By Christi­na of The Mane Objec­tive

In a world of 4G phone speeds, instant text mes­sag­ing, and light­ning quick infor­ma­tion, it seems that any­thing that takes more than 13.8 sec­onds (and that’s puu­u­ush­ing it) is more cum­ber­some than help­ful. Along my No Heat Challenge/Healthy Hair Jour­ney, I have picked up and refined some prac­tices that require time, patience, deter­mi­na­tion, and resolve. By incor­po­rat­ing the big three into my reg­i­men, my hair has tru­ly begun to live up to its poten­tial — full of body, soft­ness, elas­tic­i­ty, gain­ing thick­ness, and dras­ti­cal­ly decreas­ing in tan­gles, break­age, and mechan­i­cal dam­age. Ready for three secrets to healthy hair? Sit down…this may take a while (not real­ly).

#3: Reading/Researching Your Hair + Products

If you do noth­ing else for your hair, you have to at least invest some time in this one. I don’t care if your hair is kinky, curly, coily, per­med, pur­ple, wavy, two inch­es or ten inch­es long — tak­ing the time out to under­stand what prod­ucts and ingre­di­ents work on your hair can­not be stressed enough. No, it is not enough to assume that because your cousin’s baby’s mama’s best friend uses pro­duct xyz, that it is going to work mir­a­cles for you. By all means, give it a try; but make sure you take the time to pay atten­tion to how cer­tain prod­ucts and ingre­di­ents work in your hair. Each head of hair is as indi­vid­u­al as the per­son it is attached to, and invest­ing the effort in learn­ing your hair has a big­ger pay­off than you would believe. Don’t believe all the hair hype, either. Don’t hop on the “Cone Free” band­wag­on just because. By that same token, don’t go out and buy out the coconut oil stock at Whole Foods because that’s what every­one is using. Last­ly, treat your hair pro­duct pur­chas­es like you would food pur­chas­es. Ide­al­ly, before buy­ing food, you would scope the nutri­tion facts and ingre­di­ents, right? Doesn’t it make sense to do the same for your hair? Peep the ingre­di­ents — check for dry­ing chem­i­cals, scalp irri­tants, and oth­er dam­ag­ing ingre­di­ents.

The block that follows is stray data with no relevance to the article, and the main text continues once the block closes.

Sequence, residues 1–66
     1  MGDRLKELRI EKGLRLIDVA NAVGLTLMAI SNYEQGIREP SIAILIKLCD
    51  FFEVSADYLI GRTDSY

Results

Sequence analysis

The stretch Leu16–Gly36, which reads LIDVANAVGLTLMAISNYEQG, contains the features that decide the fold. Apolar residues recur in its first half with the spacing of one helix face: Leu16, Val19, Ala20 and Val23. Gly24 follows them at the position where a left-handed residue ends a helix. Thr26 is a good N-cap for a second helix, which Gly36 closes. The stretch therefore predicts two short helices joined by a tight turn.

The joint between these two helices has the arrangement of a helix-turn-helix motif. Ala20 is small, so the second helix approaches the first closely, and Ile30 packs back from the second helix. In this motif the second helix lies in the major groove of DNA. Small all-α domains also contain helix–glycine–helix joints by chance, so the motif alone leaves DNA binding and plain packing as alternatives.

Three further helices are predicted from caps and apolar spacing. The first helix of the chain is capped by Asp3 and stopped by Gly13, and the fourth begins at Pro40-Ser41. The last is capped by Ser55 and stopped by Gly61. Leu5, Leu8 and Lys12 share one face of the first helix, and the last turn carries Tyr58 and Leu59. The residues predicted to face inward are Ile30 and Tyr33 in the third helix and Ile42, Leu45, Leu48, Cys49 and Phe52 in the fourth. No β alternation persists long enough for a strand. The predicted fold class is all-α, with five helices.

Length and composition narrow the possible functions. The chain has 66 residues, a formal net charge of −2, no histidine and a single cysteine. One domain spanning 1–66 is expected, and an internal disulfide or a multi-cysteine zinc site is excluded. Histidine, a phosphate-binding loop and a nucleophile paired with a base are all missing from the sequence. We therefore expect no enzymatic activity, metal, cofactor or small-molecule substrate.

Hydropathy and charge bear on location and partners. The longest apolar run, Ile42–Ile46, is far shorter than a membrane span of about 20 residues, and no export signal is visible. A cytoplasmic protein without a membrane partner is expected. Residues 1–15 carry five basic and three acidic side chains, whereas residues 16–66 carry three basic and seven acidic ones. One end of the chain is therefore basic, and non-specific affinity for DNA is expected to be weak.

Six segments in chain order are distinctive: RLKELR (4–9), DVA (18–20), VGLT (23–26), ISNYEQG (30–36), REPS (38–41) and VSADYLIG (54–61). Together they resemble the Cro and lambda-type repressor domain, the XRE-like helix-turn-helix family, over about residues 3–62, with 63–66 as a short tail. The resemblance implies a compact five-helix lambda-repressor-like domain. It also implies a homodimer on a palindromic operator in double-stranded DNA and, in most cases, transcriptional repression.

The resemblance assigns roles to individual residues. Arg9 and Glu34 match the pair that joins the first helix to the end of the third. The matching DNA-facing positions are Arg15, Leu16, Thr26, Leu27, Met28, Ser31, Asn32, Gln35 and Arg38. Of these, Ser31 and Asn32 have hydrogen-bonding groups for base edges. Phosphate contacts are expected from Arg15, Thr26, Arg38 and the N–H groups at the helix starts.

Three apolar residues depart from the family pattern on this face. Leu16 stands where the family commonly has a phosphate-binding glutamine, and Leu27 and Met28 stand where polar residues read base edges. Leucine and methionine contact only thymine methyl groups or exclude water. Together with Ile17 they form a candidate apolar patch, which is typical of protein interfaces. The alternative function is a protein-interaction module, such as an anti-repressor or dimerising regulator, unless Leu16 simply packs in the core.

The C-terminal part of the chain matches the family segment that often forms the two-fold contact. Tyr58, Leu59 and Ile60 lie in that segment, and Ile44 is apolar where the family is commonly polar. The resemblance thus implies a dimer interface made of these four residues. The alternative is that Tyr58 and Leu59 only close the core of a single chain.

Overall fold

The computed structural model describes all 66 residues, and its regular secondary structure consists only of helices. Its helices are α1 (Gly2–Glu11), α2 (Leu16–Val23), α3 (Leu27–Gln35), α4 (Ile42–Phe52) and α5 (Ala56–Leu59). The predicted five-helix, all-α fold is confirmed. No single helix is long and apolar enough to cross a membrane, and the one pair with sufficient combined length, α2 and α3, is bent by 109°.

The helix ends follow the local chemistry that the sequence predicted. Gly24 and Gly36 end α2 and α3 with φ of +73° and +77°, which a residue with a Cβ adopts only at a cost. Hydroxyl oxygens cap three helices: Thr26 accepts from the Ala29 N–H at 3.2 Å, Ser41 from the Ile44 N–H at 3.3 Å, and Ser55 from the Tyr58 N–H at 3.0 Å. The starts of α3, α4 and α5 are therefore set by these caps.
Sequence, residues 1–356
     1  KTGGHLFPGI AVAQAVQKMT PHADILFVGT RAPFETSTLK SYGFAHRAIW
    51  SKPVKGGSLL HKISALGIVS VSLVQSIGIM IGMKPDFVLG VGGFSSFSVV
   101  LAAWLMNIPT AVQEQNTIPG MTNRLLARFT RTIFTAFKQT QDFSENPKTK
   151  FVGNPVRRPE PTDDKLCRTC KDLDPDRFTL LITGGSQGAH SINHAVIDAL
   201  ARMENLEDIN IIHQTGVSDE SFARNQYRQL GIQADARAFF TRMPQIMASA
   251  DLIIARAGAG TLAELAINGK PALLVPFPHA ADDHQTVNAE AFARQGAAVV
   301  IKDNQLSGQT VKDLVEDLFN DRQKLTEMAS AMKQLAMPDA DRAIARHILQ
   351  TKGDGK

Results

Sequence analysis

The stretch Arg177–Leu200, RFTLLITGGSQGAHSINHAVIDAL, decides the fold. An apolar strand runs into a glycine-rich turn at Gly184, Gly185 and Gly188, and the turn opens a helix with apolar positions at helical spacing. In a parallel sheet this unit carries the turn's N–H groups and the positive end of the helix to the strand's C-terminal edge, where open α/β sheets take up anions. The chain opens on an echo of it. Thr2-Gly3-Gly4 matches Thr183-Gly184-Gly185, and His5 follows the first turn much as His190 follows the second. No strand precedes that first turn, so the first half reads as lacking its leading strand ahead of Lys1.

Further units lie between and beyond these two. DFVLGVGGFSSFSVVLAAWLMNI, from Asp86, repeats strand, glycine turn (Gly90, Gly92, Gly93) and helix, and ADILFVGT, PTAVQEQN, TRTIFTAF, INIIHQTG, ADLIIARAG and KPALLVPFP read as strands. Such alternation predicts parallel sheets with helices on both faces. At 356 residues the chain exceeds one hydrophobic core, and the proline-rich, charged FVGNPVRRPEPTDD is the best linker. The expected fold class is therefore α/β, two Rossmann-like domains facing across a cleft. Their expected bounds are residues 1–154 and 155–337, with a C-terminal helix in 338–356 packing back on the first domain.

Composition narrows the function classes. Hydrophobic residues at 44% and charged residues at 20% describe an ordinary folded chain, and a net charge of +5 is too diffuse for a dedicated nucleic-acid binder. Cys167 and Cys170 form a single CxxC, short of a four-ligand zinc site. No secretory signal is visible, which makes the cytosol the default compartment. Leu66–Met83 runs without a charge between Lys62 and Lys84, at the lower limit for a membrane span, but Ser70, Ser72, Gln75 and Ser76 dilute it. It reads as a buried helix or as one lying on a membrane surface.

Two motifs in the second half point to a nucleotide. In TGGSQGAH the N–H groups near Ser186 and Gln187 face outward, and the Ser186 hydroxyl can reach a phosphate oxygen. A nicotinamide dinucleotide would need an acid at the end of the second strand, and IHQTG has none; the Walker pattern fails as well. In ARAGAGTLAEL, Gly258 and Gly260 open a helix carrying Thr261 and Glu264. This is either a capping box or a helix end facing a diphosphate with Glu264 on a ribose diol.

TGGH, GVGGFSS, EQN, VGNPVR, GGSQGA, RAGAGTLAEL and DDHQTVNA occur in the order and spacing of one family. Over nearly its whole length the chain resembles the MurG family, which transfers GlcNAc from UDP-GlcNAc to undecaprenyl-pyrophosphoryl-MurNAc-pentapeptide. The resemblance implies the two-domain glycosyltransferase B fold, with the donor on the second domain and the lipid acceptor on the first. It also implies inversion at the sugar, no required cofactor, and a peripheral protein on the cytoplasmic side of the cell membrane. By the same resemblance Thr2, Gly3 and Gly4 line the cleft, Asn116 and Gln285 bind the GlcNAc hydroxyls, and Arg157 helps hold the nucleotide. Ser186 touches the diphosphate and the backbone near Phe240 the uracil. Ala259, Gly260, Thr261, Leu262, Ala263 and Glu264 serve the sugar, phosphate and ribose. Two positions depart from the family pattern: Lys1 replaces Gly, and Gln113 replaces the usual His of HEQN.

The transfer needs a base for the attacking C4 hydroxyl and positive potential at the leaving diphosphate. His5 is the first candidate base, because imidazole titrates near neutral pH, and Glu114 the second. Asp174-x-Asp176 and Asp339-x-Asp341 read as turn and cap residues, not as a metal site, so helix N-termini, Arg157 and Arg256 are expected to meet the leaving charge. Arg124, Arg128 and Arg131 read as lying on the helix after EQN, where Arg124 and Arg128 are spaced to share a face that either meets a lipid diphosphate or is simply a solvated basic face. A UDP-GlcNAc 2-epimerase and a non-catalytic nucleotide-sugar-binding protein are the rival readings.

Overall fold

#2: Section Washing

Let the deep sighs begin. I know I cov­ered sec­tion wash­ing in a pre­vi­ous post, but I would be remiss if I didn’t bring it up again in this post. Sure enough, there are times when I don’t sec­tion wash my hair, and there are times when I do…and I def­i­nite­ly notice a dif­fer­ence. When I loose wash my hair, I end up with those ugly mat­ted tan­gle things, regard­less of whether I pre­vi­ous­ly detan­gled my hair or not. In turn, I spend extra time being extra care­ful, and still break­ing some of my hair because I am fool­ing with it soak­ing wet. When I sec­tion wash, the only thing I may lose are a few shed hairs that I didn’t catch dur­ing my pre-game detan­gle.  Not to men­tion, that my hair is much eas­ier to han­dle and apply pro­duct to after the fact. Time con­sum­ing? Sure. Worth it? Absolute­ly.